Monday, November 23, 2020

2020-21 Tiger Hoops Preview

Posted By on Mon, Nov 23, 2020 at 8:16 AM

If you want to make God laugh, tell Him your plans.

If the Almighty pays any attention to college basketball, He must have lost His breath by the end of the Memphis Tigers' 2019-20 season. Penny Hardaway's second winter as head coach was to be the revival of a once-proud program, and then some. The country's most heralded recruiting class arrived. Surely a deep NCAA-tournament run awaited come March.

HA! The country's top freshman — James Wiseman — departed the program after three games, neck deep in NCAA investigative eyes after a financial exchange between Hardaway (then East High School's coach) and Wiseman's family in 2017. The team's second-leading scorer, D.J. Jeffries, went down with a knee injury the first week in February. Then just as the Tigers completed a second straight season in fifth place among American Athletic Conference teams . . . a pandemic eliminated March Madness. Pin that among your Memphis basketball seasons to remember.
click to enlarge Landers Nolley II
  • Landers Nolley II

But Tiger basketball is back, pandemic be damned. Gone, of course, is Wiseman, along with Precious Achiuwa, the electric forward who became the first Tiger freshman to earn conference Player of the Year honors. (Wiseman and Achiuwa were the 2nd and 20th selections, respectively, in last week's NBA draft, the first former Tigers chosen since 2012.) The U of M's top three-point shooter over the last two seasons — Tyler Harris — transferred to Iowa State, two seasons of Hardaway's tutelage enough for his ambitions. When the Tigers open play Wednesday in the Crossover Classic in Sioux Falls, South Dakota, they'll do so against the Saint Mary's Gaels and not the Ohio State Buckeyes, the latter having pulled out of the event over, you guessed it, coronavirus concerns. (Duke also pulled out of the tournament. Positivity rates in South Dakota have recently topped 50 percent.)

Last year's acclaimed freshmen — at least the five who remain — are now sophomores: guards Boogie Ellis, Lester Quinones, and Damion Baugh, and forwards Jeffries and Malcolm Dandridge. Hardaway expects, with a season behind them, these young veterans will make a larger impact than they did as college rookies. Add to this group a pair of significant transfers: sophomore Landers Nolley II (from Virginia Tech) and DeAndre Williams (from Evansville, pending NCAA approval to play this season). Nolley averaged 15.5 points per game for the Hokies last season and will be asked to fill the sharp-shooting role vacated by Harris. He hit 68 three-pointers as a freshman, but shot an underwhelming 32 percent from long distance. Williams started 15 games for the Purple Aces and averaged 15.2 points.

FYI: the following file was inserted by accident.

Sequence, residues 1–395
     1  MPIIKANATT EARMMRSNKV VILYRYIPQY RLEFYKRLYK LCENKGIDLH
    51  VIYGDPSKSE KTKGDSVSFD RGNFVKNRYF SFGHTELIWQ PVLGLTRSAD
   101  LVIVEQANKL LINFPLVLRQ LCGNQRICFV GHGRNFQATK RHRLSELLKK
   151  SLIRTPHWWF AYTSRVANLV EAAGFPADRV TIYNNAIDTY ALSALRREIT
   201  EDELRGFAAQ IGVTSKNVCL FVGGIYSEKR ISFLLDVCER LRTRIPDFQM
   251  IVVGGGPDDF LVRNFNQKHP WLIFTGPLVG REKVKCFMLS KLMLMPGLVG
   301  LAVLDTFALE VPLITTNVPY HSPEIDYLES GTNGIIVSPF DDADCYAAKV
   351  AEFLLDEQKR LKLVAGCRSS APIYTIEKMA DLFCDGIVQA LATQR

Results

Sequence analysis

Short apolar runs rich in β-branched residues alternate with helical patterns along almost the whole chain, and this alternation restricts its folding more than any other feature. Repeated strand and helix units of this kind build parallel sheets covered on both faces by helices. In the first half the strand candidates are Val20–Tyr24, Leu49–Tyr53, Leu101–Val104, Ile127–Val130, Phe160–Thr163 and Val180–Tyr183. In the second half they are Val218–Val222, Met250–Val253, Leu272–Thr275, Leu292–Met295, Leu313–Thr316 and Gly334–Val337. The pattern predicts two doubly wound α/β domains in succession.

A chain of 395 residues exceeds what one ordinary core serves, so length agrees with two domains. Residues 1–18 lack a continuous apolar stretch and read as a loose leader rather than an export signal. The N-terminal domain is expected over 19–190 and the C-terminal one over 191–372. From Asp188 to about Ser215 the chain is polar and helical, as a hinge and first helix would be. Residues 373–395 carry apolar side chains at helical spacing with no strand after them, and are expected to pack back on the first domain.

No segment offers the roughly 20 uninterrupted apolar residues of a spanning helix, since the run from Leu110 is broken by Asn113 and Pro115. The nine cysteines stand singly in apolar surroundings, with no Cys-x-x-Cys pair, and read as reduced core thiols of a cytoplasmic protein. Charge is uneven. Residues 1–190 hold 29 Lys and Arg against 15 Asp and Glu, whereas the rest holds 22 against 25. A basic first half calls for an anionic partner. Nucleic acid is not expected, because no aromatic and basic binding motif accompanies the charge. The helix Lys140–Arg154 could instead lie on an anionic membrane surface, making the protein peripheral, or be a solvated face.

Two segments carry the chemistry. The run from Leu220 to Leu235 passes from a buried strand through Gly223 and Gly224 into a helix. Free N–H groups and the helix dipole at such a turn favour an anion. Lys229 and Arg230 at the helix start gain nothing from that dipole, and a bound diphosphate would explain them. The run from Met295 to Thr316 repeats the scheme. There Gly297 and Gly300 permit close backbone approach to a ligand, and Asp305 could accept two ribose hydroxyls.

A pair of juniors — guard Alex Lomax and forward Lance Thomas — bring more experience to the floor for Memphis, though neither has found the consistency Hardaway would like to see. Having played for Hardaway since middle school, Lomax has adopted the "glue guy" role and will be expected to blanket opposing ball-handlers and shooters. Thomas teases with his height (6'9") but averaged only 2.5 rebounds in 15 minutes per game last season. (He made 13 starts.)
click to enlarge Moussa Cisse
  • Moussa Cisse

The star of Hardaway's third recruiting class is center Moussa Cisse. A native of Guinea, the 6'10" Cisse averaged 18.4 points, 15.3 rebounds, and 9.2 blocks in leading Lausanne Collegiate School to a 2020 state championship. He was the top-ranked prospect in Tennessee after reclassifying last summer to the 2020 class. He's the kind of interior defensive presence the Tiger program has lacked, for the most part, over the last decade. And nothing starts a fast break better than a blocked shot.

The Tigers are projected to finish second (behind Houston) in the preseason AAC coaches poll. They did not place a player on the first-team preseason all-conference squad (Jeffries and Nolley made the second team), and they are outside the Top 25 looking in. Cisse is picked to win the league's Rookie of the Year honor, but Hardaway, needless to say, is aiming for loftier achievements.



"It's refreshing to have [last year's] freshmen understand their roles now," says Hardaway. "They put a lot of pressure on themselves last season. And to see how good Landers and DeAndre are . . . they're great additions. We feel like we have the talent, but we haven't proven anything yet. We're going to have to earn everything."

After three games in Sioux Falls, the Tigers will open their home schedule December 2nd when Arkansas State visits FedExForum. (Attendance will be limited to between 3,000 and 3,500 fans, at least at the season's outset.) There will be only two other nonconference foes (Mississippi Valley State and Auburn) before the Tigers embark, fingers firmly crossed, on a 20-game league gauntlet.

"The two years I've coached [at this level] have taught me a lot," says Hardaway. "I don't think anything we'll surprise me. We're ready for every situation, any scenario. After two years, I've seen what I need to do as a coach. In the beginning, I was fast-tracking everything. But I'm caught up, and looking at things better on and off the court."

The University Memphis has somehow played six seasons without reaching the Big Dance, and the program hasn't gone seven years without proper Madness since the days when the tournament invited fewer than 30 teams (1963-72). Will there be a 2021 NCAA tournament? Will it be played in a single-city "bubble" for pandemic protection? A bigger question for a long-frustrated Tiger fan base: Would a return to the tournament bring jubilation, or merely a sigh of relief? Take a few deep breaths and grab your face coverings, because we're about to find out.

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